*  When thinking about buying a new home, consider all Will County has to offer ... and then call me for mortgage info and assistance.   Contact me  today. There is no cost or obligation to do so.  I'll be happy to hear from you and have the opportunity to earn your mortgage business.  

        Direct:   815.524.2280      
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Gene Mundt, Mortgage Lender, a Lender with 37 years of mortgage experience, will offer you exemplary mortgage service and advice when seeking:  Conventional, FHA, VA, Jumbo, USDA, and Portfolio Loans in Chicago and the greater Chicagoland region, including:  The Lincoln-Way Area, Will County, (New Lenox, Frankfort, Mokena, Manhattan, Joliet, Shorewood, Crest Hill, Plainfield, Bolingbrook, Romeoville, Naperville, etc.), DuPage County, the City of Chicago, Cook County, and elsewhere within IL.  

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Knowing the Financial Philosophy and Standing of a Potential Partner is Growing in Importance



Knowing the Financial Philosophy and Standing 
of a Potential Partner is Growing in Importance




     I read an unbelievably interesting article on  Yahoo! Finance  today.  The focus of the article was credit scores, so it's no stretch to see why the topic caught my eye. But this article had a little bit of an eye-catching twist to it, especially if you are presently single, dating, or hoping to.   

     The article reported how credit scores are increasingly becoming a topic of conversation for those dating these days.  And that those conversations regarding credit scores are occurring earlier and earlier in the dating timeline.  Some as early as the first date.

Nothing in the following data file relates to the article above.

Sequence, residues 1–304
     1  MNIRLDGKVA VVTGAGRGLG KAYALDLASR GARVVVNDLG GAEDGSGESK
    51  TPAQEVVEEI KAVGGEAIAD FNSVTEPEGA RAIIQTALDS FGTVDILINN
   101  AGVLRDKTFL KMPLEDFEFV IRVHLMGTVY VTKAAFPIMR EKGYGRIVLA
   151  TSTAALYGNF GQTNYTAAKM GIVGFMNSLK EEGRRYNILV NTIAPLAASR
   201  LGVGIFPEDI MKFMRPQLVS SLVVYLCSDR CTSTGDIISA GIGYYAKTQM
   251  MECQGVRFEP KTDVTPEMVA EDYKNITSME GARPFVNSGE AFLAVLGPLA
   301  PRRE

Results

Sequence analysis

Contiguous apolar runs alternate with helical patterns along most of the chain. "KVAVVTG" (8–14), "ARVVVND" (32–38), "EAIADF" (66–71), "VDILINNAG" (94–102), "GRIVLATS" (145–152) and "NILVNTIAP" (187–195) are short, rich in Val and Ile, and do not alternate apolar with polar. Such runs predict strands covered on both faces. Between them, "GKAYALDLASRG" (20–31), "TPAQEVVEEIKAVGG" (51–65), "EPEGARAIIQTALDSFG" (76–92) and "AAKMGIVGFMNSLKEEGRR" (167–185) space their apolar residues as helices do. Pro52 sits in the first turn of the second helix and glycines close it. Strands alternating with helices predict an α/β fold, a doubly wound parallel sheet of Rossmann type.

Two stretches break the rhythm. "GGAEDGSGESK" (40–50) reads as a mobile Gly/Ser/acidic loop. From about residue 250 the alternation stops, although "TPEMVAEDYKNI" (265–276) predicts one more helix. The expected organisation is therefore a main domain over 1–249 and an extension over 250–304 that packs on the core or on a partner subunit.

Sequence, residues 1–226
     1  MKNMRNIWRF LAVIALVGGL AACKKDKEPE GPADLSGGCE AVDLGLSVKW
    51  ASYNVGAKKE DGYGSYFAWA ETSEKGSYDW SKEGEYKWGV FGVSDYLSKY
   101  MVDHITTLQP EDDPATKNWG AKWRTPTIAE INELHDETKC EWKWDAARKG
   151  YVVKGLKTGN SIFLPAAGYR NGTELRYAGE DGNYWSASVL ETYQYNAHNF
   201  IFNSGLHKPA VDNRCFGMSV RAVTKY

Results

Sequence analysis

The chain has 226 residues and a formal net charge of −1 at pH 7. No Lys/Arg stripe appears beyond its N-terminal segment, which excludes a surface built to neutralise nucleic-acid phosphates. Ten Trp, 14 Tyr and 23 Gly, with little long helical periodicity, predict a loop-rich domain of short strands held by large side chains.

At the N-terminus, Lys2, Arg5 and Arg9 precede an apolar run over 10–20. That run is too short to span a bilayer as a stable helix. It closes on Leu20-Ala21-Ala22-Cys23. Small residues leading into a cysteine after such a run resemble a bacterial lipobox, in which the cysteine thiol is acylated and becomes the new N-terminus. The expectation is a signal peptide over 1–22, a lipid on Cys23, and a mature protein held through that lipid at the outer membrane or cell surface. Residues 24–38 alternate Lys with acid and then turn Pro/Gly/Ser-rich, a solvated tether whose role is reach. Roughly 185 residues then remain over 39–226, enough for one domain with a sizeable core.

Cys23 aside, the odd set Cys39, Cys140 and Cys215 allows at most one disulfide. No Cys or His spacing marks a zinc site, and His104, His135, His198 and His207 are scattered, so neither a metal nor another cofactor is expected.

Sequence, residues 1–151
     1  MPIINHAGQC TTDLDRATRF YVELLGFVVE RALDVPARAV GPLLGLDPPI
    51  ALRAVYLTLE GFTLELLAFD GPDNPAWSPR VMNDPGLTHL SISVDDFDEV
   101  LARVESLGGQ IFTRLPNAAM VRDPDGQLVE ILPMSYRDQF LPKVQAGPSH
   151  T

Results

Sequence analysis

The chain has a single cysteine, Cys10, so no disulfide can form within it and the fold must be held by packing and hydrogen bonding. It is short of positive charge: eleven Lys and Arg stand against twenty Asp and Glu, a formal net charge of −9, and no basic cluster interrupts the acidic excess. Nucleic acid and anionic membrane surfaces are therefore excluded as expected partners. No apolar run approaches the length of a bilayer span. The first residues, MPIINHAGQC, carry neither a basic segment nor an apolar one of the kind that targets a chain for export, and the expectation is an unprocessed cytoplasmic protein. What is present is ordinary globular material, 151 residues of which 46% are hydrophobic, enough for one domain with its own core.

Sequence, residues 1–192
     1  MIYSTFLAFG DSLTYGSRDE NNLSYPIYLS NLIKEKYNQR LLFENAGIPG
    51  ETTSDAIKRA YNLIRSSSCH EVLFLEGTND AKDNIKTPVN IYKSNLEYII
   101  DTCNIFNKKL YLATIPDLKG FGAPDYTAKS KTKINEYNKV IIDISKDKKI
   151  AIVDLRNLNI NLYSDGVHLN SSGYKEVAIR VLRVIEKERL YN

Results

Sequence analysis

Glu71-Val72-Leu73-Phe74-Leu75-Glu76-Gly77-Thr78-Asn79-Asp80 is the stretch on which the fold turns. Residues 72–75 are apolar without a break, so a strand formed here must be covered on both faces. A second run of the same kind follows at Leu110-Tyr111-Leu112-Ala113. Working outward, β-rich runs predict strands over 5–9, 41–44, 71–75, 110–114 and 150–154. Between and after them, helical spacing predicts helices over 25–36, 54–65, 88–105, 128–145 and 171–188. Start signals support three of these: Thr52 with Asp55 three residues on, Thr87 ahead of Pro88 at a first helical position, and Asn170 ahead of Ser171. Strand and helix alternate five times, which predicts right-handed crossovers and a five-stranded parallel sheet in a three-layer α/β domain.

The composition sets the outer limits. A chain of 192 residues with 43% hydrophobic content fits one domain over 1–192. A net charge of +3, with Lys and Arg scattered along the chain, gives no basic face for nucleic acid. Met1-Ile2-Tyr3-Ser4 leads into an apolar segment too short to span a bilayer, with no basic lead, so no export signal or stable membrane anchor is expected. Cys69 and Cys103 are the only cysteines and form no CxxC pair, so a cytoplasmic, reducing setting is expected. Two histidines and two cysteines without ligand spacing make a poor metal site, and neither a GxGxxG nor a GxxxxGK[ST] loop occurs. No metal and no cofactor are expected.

Wow!  Tough topic to throw at someone when you're just getting to know them, right?  As a Mortgage Lender, I applaud the recognition of the importance of this topic and I am thrilled that many (especially among the young) are finally "getting" that credit scores matter.  

     I've written something a kin to this topic in my prior post,  "I Promise to Love, Honor, and ... Pay My Bills?"  In that post, I urged having a talk with your "significant other" prior to entering marriage or purchasing a home together ... and of the perils of not doing so.  I would add now that "that talk" regarding credit and money should occur reasonably soon in the establishing of a relationship.  It's far less difficult or emotionally charged at an earlier stage and could save issues arising later.

     According to the article I found this morning (written by the New York Times), "Perfect 10?  Never Mind That.  Ask Her for Her Credit Score." ...
 
     "It’s difficult to quantify how many daters factor credit scores into their romantic calculations, but financial planners, marriage counselors and dating site executives all said that they were hearing far more concerns about credit than in the past. “I’m getting twice as many questions about credit scores as I did pre-recession,” Ms. Thakor said."  (Manisha Thakor is the founder and chief executive of MoneyZen Wealth Management, a financial advisory firm.)